In D’Aprile v. Fleet Servs. Corp., the court tempered its earlier position: “Since August admitted that he was unable to work at the time he requested his part-time schedule, we concluded that he was not a ‘qualified handicapped person’ and thus had failed to make out a prima facie . . . .” The facts of D’Aprile were different, however, because it was not until after her requests for an accommodation that she represented herself to be totally disabled for purposes of receiving disability benefits. The D’Aprile Court also recognized that the terms of the disability policy at issue did not take into account the possibility of an employer providing the plaintiff a reasonable accommodation.
The most recent decision is Soto-Ocasio v. Federal Express Corp. The plaintiff was injured and eventually applied for and received long-term disability benefits under Federal Express’s disability insurance policy. The policy defined “total disability” as “the inability because of a physical impairment, to engage in any substantially gainful activity for which [the claimant is] reasonably qualified (or could become reasonably qualified) on the basis of [the claimant’s] education, training, or experience.” When the plaintiff was released to return to work with restrictions, Federal Express balked and insisted that she be capable of resuming “all of her responsibilities” and “work without restrictions.” Accordingly, the plaintiff was told that her position would be filled by someone else. A subsequent medical examination determined that the plaintiff needed accommodations in order to perform her job, but the plaintiff was not given a copy of the report.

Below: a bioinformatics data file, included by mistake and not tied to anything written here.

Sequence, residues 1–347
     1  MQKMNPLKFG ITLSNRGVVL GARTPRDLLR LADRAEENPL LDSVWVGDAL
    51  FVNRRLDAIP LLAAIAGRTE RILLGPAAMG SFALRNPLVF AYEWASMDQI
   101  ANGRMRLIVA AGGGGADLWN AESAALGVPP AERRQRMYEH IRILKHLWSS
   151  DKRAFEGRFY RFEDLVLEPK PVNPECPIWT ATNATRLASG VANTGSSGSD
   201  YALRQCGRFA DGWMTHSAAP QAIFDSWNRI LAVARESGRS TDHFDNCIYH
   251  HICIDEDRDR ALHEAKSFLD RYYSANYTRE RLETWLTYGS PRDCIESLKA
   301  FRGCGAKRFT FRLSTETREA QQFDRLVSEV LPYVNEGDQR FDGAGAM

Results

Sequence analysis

Shortly thereafter, the plaintiff’s doctor submitted a supplemental report to the disability insurer stating that the plaintiff needed disability insurance because she was “unable to work.” On the insistence of the insurer, the plaintiff also applied for SSA benefits. She was approved, and the first date of her disability was determined to have preceded the date when she was told she could not return to work.
Based on these facts, the Court entered summary judgment against the plaintiff on the issue of whether she was “qualified” under the ADA. The standard the Court articulated is as follows:
If an ADA plaintiff was receiving, during the time she claims to have been denied reasonable accommodation, total disability benefits that were predicated on her inability to perform the job, then, to defeat a motion for summary judgment, she must make some type of showing that she was in fact able to perform the essential functions of her job during the time in question.
The court found that the plaintiff could not carry her burden.